Inflation in the UK climbed sharply to 4.2 per cent in October, its highest rate for almost a decade, driven by rising fuel and energy prices, adding to pressure on the Bank of England to raise its key interest rate at its December meeting.
The cost of living, as measured by the Office for National Statistics’ Consumer Price Index, rose at its quickest rate since November 2011 last month. In October alone, it surged by 1.1 per cent, in large part due to higher energy costs for households.
On Monday, Andrew Bailey, the governor of the Bank of England told MPs that he was “very uneasy” about rising inflation.
The fresh data comes after the employment figures defied some economists’ expectations by proving resilient to the end of the furlough scheme at the start of October. The unemployment rate fell to 4.3 per cent from July to September, and employers added 160,000 workers to their payrolls last month.
However, the cost-of-living squeeze showed little sign of abating Wednesday, with a 4.2 per cent increase in the Office for National Statistics Consumer Price Index in October, up from 3.1 per cent in September. This compares with an underlying rate of wage growth which the ONS has estimated to be between 3.2 and 4.4. per cent, while official data has likely been distorted by the impact of COVID-19.
Both the Bank of England, and the government’s official spending watchdog, the Office for Budget Responsibility have suggested that price growth could reach as high as 5 per cent in by early next year, outstripping the rate of pay growth and putting pressure on household budgets.
Grant Fitzner, chief economist at the ONS, said: “Inflation rose steeply in October to its highest rate in nearly a decade.
“This was driven by increased household energy bills due to the price cap hike, a rise in the cost of second-hand cars and fuel as well as higher prices in restaurants and hotels.
“Costs of goods produced by factories and the price of raw materials have also risen substantially and are now at their highest rates for at least 10 years.”
The rate of 4.3 per cent for the 12 months to October is more than twice the Bank of England’s mandate from the government to contain inflation to close to 2 per cent. The latest data will therefore add considerable pressure on policymakers to increase the key interest rate from its historically low level of 0.1 per cent.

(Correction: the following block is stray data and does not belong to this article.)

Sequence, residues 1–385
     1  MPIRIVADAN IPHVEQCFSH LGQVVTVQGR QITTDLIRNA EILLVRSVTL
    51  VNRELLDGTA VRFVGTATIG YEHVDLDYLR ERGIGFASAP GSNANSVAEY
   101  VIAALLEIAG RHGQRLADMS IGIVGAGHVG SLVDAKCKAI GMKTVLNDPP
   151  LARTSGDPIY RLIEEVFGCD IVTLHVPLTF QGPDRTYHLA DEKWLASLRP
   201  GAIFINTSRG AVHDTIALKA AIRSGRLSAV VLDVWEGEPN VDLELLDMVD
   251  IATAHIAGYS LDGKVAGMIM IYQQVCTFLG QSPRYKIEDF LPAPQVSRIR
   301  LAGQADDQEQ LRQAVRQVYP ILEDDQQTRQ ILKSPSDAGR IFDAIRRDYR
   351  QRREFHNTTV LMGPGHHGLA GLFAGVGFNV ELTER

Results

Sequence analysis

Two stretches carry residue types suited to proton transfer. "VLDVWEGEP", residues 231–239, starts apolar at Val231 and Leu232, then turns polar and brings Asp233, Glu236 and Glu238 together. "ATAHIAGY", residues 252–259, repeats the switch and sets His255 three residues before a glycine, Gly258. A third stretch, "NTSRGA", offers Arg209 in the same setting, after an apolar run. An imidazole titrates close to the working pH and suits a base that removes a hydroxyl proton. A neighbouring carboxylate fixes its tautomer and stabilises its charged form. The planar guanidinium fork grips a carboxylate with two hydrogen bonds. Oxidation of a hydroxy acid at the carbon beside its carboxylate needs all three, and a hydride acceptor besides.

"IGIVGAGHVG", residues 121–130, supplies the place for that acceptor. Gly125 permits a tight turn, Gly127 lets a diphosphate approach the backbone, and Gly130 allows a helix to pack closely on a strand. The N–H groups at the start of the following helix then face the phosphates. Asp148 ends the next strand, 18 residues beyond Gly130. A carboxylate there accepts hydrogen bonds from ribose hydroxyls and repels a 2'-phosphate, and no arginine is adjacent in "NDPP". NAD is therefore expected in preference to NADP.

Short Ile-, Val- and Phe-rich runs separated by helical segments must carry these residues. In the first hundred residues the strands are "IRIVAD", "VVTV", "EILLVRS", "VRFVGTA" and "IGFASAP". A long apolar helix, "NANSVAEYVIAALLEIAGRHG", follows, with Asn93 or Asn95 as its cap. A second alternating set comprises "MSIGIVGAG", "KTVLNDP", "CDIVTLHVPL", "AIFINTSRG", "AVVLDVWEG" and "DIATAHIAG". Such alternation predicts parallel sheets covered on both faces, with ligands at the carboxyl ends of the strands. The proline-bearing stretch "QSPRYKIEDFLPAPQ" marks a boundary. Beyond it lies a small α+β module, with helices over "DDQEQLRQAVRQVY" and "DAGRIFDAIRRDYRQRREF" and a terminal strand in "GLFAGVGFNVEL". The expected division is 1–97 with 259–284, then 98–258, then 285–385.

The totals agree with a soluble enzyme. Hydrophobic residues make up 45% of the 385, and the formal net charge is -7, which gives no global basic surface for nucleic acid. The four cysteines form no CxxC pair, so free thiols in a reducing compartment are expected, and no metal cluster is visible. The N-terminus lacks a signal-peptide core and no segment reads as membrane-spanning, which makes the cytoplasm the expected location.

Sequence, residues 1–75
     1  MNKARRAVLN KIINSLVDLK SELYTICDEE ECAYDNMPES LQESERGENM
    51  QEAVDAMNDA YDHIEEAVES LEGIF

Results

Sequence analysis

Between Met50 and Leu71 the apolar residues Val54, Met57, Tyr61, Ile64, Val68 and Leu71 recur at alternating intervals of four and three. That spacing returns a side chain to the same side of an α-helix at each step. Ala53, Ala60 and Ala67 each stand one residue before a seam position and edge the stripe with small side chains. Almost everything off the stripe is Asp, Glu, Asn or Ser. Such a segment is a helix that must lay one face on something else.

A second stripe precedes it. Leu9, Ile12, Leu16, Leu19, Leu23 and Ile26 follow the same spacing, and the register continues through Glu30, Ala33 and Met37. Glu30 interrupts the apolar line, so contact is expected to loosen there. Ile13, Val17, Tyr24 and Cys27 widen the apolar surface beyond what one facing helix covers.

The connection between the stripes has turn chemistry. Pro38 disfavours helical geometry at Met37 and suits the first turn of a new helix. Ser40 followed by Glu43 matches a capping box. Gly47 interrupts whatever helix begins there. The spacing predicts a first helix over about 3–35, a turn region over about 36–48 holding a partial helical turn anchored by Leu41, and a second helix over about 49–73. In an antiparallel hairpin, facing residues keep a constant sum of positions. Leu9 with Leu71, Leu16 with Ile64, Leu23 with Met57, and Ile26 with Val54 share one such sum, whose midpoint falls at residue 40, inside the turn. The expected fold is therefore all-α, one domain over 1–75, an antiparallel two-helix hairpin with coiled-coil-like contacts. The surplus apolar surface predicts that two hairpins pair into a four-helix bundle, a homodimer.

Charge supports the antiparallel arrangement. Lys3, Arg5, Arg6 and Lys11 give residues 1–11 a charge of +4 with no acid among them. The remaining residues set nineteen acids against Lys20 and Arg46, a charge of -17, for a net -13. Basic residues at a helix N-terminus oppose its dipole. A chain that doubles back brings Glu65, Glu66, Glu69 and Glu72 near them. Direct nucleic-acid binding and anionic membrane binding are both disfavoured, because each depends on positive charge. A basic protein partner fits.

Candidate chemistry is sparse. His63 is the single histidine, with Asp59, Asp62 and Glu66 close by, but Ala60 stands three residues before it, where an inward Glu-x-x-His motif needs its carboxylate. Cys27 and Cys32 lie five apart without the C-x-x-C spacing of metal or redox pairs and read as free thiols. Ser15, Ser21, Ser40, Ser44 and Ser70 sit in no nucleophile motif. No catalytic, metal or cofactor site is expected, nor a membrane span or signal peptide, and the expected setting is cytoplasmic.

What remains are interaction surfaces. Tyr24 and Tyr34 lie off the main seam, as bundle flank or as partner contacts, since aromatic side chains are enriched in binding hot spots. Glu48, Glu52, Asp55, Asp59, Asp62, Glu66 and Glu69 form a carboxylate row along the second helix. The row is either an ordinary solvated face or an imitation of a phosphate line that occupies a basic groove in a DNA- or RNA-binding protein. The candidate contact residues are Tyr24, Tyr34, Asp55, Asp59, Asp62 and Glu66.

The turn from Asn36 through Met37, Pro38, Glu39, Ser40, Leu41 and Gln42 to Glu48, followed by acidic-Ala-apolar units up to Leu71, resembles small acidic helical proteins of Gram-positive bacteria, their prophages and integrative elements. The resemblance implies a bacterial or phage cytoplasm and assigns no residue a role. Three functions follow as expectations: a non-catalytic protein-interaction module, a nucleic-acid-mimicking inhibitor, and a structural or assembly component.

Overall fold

However, the figures also come amid increasing evidence that the UK’s economic recovery from the pandemic has stalled, adding to the risk that an interest rate rise could further slow economic growth.
Jack Leslie, senior economist at think tank the Resolution Foundation, said: “The global economic recovery has caused a rapid rise in inflation that families are feeling at the petrol pump, in their energy bills, and in their pay packets. With inflation forecast to hit 5 per cent by next Spring, we could be set for a sustained period of shrinking pay packets.
“While painful for households, the fact is that the global nature of these inflationary pressures mean that traditional tools such as raising interest rates are likely to have little effect.
“Instead, we need to focus on securing the as yet incomplete Covid recovery so that stronger growth creates more scope for higher pay rises.”
Aside from higher energy costs, the rise in the ONS’s measure of price growth, CPI, was also fed by price increases in education, transport, clothing and footwear, housing and household services, and restaurants and hotels, suggesting that service providers may be passing on the costs of higher staff pay packets and supply chain disruption to consumers.
But while City economists and the Bank of England believe that inflation could reach 5 per cent next spring, some believe that it will drop down by late 2022, meaning that any hikes to the central bank’s key interest rate will be limited.
A 5 per cent “peak” in April 2022 “would be in line with the Bank’s forecast, which the Bank has said is consistent with interest rates needing to rise”, said Paul Dales, chief UK economist at Capital Economics.
“Further ahead, we suspect that CPI inflation will fall back a bit further and a bit faster in the second half of next year, perhaps to close to the 2.0% target by December 2022,” he added. “So although interest rates may well rise from 0.10 per cent to 0.25 per cent in December and perhaps to 0.50 per cent in February, we don’t think that they will reach the level of 1.00-1.25 per cent currently priced into the market for the end of next year.”